About this Journal Submit a Manuscript Table of Contents
International Journal of Partial Differential Equations
Volume 2013 (2013), Article ID 834912, 13 pages
Research Article

On the Local Well-Posedness of the Cauchy Problem for a Modified Two-Component Camassa-Holm System in Besov Spaces

1Department of Mathematics, Jiangsu University, Zhenjiang, Jiangsu 212013, China
2Taizhou Institute of Science and Technology, NUST, Taizhou, Jiangsu 225300, China

Received 26 April 2013; Accepted 14 November 2013

Academic Editor: Athanasios N. Yannacopoulos

Copyright © 2013 Jiangbo Zhou et al. This is an open access article distributed under the Creative Commons Attribution License, which permits unrestricted use, distribution, and reproduction in any medium, provided the original work is properly cited.


We consider the Cauchy problem for an integrable modified two-component Camassa-Holm system with cubic nonlinearity. By using the Littlewood-Paley decomposition, nonhomogeneous Besov spaces, and a priori estimates for linear transport equation, we prove that the Cauchy problem is locally well-posed in Besov spaces with , and .

1. Introduction

The following modified Camassa-Holm equation with cubic nonlinearity was proposed as a integrable system by Fuchssteiner [1] and Olver and Rosenau [2] by applying the general method of tri-Hamiltonian duality to the bi-Hamiltonian representation of the modified Korteweg-de Vries equation. Later, it was obtained by Qiao [3] from the two-dimensional Euler equations, where the variables and represent, respectively, the velocity of the fluid and its potential density. Qiao also [3] obtained the cuspons and -shape-peaks solitons of (1). In [4], it was shown that (1) admits a Lax pair and hence can be solved by the method of inverse scattering. Fu et al. [5] showed that the Cauchy problem of (1) is locally well-posed in a range of the Besov spaces. They determined the blow-up scenario and the lower bound of the maximal time of existence. They also described a blow-up mechanism for solutions with certain initial profiles and the nonexistence of the smooth traveling wave solutions was also demonstrated. In addition, they obtained the persistence properties of the strong solutions for (1). Gui et al. [6] investigated the formation of singularities and showed that singularities of the solutions occur only in the form of wave breaking. They obtained a new wave-breaking mechanism for solutions with certain initial profiles. It was proved that the peaked functions of the form are global weak solutions to (1) [6].

Recently, Song et al. [7] suggested a new integrable two-component vision of (1) as follows: with , , and . Apparently, it reduces to (1) when . They showed that this system has Lax-pair and is also geometrically integrable. As a consequence of geometric integrability, its conservation laws were constructed by expanding the pseudopotential. Finally, the cuspons and -shape solitons of system (3) were obtained.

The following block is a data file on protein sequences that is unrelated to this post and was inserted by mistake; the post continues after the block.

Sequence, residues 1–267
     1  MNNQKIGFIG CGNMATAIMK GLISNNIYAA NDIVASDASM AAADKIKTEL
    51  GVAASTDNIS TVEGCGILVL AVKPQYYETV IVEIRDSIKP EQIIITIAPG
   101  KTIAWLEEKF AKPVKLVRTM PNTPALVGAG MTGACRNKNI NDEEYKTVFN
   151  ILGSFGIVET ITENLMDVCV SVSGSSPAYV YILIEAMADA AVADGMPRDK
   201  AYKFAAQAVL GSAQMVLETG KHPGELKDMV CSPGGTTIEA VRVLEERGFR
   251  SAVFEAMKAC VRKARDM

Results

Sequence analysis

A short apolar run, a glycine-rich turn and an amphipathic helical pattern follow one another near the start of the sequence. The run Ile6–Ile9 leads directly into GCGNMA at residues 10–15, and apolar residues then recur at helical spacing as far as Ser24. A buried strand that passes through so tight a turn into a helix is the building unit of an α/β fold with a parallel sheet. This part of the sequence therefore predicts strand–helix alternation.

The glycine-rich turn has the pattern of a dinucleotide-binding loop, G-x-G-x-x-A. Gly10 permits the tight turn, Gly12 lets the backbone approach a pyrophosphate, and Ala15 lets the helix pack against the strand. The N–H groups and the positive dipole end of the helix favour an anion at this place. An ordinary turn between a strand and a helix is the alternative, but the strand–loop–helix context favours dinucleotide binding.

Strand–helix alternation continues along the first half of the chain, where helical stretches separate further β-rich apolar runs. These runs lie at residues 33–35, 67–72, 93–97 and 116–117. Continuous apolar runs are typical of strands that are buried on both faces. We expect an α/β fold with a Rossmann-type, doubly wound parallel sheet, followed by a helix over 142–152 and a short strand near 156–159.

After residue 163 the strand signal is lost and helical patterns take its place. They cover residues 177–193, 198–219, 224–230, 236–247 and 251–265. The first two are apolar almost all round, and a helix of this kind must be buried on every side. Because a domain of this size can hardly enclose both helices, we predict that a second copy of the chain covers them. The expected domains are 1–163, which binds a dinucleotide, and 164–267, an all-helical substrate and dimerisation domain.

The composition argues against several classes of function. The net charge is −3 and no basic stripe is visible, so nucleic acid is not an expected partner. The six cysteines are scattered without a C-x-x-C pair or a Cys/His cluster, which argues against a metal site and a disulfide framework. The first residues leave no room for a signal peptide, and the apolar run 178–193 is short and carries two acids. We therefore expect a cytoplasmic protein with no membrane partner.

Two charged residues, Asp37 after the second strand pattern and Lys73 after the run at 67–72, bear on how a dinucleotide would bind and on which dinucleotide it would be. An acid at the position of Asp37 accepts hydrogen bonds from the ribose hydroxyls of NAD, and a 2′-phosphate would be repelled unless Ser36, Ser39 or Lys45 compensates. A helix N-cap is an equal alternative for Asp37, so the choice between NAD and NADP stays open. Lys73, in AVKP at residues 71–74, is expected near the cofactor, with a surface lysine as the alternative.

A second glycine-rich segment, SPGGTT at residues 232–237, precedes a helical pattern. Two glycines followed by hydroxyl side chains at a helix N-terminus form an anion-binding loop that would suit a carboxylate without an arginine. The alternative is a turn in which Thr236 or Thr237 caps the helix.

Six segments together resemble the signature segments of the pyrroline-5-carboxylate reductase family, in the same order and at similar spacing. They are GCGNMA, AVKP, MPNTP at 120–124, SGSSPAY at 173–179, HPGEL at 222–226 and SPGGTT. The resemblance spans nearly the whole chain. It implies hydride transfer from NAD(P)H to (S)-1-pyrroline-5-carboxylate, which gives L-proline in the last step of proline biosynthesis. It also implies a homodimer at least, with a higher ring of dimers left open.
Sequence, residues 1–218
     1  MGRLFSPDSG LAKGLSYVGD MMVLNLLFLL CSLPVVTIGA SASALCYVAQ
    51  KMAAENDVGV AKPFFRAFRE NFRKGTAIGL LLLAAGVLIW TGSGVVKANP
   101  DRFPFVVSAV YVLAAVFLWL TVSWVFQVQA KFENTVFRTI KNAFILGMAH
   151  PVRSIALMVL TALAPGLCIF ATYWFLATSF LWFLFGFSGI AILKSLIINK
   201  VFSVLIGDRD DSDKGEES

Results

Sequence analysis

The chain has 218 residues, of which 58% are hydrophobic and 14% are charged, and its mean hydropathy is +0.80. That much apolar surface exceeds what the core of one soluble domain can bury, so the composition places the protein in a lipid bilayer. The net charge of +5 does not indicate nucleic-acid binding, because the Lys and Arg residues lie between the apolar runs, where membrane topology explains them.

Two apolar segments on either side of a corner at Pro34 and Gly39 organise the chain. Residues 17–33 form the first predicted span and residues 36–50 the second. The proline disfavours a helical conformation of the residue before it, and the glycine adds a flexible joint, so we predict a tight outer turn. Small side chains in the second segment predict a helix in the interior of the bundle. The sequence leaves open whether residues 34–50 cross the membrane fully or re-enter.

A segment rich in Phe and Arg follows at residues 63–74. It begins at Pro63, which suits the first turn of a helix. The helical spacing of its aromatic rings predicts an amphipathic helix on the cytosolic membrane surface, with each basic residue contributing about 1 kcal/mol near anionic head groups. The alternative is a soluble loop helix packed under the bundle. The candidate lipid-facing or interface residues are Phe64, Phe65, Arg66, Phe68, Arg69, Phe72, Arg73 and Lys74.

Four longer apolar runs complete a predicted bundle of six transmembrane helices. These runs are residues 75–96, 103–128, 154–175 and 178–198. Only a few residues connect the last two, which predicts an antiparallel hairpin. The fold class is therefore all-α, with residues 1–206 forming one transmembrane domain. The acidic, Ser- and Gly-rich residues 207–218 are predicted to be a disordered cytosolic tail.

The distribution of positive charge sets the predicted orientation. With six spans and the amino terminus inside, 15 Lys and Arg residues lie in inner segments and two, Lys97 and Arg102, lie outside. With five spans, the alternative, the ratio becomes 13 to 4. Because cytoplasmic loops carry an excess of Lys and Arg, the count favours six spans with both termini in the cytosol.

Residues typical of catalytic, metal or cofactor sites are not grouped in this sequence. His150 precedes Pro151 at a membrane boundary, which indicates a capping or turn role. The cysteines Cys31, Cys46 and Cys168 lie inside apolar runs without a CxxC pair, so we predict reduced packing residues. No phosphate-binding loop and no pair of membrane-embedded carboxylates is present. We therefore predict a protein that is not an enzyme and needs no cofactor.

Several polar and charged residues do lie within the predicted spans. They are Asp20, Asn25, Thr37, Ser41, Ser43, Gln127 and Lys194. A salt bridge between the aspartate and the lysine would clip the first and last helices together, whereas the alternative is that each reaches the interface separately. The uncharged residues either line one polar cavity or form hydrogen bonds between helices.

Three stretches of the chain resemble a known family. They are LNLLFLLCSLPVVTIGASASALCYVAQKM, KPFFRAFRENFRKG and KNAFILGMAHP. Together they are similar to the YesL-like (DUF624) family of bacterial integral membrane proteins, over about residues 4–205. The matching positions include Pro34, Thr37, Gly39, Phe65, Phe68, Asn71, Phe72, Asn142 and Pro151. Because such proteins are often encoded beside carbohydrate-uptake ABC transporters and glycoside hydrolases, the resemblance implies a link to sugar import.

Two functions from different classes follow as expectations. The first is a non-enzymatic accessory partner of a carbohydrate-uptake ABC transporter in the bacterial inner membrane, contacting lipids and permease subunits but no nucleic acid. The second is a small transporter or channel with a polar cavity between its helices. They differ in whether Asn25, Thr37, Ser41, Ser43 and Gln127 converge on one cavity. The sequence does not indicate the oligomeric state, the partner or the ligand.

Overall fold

In this paper, we are interesting in the local well-posedness of the following Cauchy problem for (3) with , , and . Although Kato’s theory is a useful method to obtain the local well-posedness of the Cauchy problem in Sobolev space for lots of equations, such as the Camassa-Holm equation [8], the Degasperis-Procesi equation [9], and the Novikov equation [10]. However, it seems to be unapplicable to the Cauchy problem (4). Fortunately, by using the Littlewood-Paley decomposition and nonhomogeneous Besov spaces, we prove that the Cauchy problem (4) is locally well-posed in the Besov space with , , and . As a corollary, it is locally well-posed in the Sobolev space with . The Littlewood-Paley decomposition and nonhomogeneous Besov spaces which were introduced in [11] have been used to establish the well-posedness of the Euler equations, the Navier-Stokes equations, the Camassa-Holm equation, the Novikov equation, the two-component Camassa-Holm system, the two-component Degasperis-Procesi system, and the coupled Camassa-Holm equations; see [1220].

The rest of the paper is organized as follows. In Section 2, we recall some basic results on Besov spaces and linear transport equation. In Section 3, we establish the local well-posedness of the Cauchy problem (4) in a range of Besov spaces. Some open problems are presented in Section 4.

Notation. Since all spaces of functions are over , we drop in our notations of function spaces for simplicity. For a given Banach space , we denote its norm by . We denote or the Fourier transform of the function . Let denote the space of all times continuously differentiable functions defined on with values in space . denotes the space of functions which belong to as a function of for every fixed and and the space of functions which belong to as a function of for every fixed and . denotes the tempered distribution spaces.